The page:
And thank you for your regular posts which I find very pertinent and relevant as well as very useful and informative. Most importantly they are thought provoking and challenging!.

    I agree with you entirely about the missing moitie of indicator 3.8.1 for specific monitoring and measurement of household and community behavior and actions that enable people to
    remain healthy through their own participation.

    I was reviewing documents just a couple of weeks ago while preparing a paper for delivery at the just ended FIGO world congress in Rio and I reviewed SDG Target 3.8 and noted the
    shortcoming in the indicators you have just outlined so succinctly.

    And last year I was invited to make the keynote address in the 8th of a series of twelve monthly Symposia –“Achimota Speaks” (see attached) to mark the 90th anniversary of the founding
    of our great Alma Mata- Achimota School- which was purposely built to “train and groom leaders for Africa” and which has produced great leaders like Kwame Nkrumah, Sir Dawda Jawara of
    the Gambia, Hastings Kamuzu Banda of Malawi among others as well as Ghana’s second President Edward Akuffo-Addo and his illustrious wife and parents of current president Nana Akuffo-
    Addo. Also Presidents Rawlings, and John Atta-Mills to name a few.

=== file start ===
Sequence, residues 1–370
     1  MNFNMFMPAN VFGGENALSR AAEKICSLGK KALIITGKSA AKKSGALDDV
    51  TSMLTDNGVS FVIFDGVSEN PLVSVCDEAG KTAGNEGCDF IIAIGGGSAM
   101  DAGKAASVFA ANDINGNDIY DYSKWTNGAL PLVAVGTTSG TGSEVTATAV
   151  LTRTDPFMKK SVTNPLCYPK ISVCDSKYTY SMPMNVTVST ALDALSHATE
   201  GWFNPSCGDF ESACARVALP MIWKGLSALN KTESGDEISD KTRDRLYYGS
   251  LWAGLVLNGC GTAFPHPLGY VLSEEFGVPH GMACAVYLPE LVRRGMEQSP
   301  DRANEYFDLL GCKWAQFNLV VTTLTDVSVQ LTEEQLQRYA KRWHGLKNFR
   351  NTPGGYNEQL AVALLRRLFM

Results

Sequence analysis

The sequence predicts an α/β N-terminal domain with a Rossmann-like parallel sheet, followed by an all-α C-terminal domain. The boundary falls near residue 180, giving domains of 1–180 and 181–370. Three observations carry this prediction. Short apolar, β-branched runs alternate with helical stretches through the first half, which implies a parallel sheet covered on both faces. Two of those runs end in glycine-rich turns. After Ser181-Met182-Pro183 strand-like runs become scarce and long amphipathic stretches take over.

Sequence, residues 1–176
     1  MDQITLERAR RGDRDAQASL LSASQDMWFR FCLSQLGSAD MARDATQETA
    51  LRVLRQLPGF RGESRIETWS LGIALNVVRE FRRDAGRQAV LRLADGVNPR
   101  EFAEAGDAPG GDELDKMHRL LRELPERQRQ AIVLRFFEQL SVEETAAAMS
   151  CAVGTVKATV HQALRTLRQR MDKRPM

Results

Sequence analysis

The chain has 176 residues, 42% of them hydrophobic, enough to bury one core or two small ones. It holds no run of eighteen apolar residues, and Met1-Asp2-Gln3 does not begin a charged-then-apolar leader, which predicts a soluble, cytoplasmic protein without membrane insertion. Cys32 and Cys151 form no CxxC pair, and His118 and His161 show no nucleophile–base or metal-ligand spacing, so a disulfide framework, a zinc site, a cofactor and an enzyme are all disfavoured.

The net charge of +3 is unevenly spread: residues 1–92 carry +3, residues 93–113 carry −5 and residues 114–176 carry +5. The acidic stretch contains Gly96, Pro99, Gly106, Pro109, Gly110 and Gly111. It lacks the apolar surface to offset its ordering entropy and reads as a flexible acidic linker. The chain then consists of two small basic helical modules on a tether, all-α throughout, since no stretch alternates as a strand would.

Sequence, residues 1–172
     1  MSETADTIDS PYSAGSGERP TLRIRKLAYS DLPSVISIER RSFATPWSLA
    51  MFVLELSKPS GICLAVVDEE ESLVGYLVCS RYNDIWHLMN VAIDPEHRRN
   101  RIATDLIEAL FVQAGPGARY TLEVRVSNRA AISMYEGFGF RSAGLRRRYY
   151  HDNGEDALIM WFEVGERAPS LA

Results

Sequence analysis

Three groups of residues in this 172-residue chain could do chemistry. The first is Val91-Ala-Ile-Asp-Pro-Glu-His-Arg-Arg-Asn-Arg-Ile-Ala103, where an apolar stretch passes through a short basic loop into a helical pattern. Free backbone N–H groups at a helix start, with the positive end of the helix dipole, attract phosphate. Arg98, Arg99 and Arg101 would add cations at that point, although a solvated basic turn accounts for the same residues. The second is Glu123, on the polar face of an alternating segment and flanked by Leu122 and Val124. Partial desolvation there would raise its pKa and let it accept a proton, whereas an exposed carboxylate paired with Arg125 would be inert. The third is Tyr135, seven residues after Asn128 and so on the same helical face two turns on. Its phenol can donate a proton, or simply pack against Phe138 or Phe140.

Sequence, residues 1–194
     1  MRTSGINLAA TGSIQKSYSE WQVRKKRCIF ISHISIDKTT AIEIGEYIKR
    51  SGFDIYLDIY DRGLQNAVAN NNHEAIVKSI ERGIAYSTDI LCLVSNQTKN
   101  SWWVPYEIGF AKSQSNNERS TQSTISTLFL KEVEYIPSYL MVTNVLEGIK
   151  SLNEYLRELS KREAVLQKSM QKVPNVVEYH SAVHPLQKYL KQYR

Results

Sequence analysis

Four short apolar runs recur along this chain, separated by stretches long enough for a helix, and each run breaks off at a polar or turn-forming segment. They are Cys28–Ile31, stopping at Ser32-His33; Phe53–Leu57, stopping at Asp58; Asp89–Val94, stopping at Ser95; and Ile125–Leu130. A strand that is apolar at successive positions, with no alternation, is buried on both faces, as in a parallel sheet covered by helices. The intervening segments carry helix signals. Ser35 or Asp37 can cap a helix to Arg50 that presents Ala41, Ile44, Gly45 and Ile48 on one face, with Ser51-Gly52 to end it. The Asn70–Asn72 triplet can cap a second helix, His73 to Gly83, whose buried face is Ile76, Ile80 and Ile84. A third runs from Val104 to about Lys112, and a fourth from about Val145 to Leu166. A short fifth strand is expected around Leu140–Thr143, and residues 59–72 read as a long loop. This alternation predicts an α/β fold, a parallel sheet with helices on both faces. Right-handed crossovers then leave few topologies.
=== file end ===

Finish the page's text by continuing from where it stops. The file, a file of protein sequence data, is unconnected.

I believe the expectation was for me to extol the virtues of the high-rise multi-million dollar hospitals with state of the art equipment and designer doctors and health staff. But my
    background and experience as well as personal belief in “Preventive and Promotive” Medicine and PHC made me to veer the symposium in the direction that I felt was more realistic.

    I made strong points for Preventive health and Health Promotion as being the bedrock and indeed the sine quae non for any successful health delivery system.
    I have attached my paper here for your information and comments. And to share on the platform if you deem it appropriate.

    Sadly while the gutters in the capital, Accra, are full of filthy muck and stagnant water and while people still don’t have potable water or safe toilets and while children especially
    but also adults are malnourished and live unhealthy life styles we are resorting to multimillion dollar turn key hospital projects that only serve to line the pockets of politicians and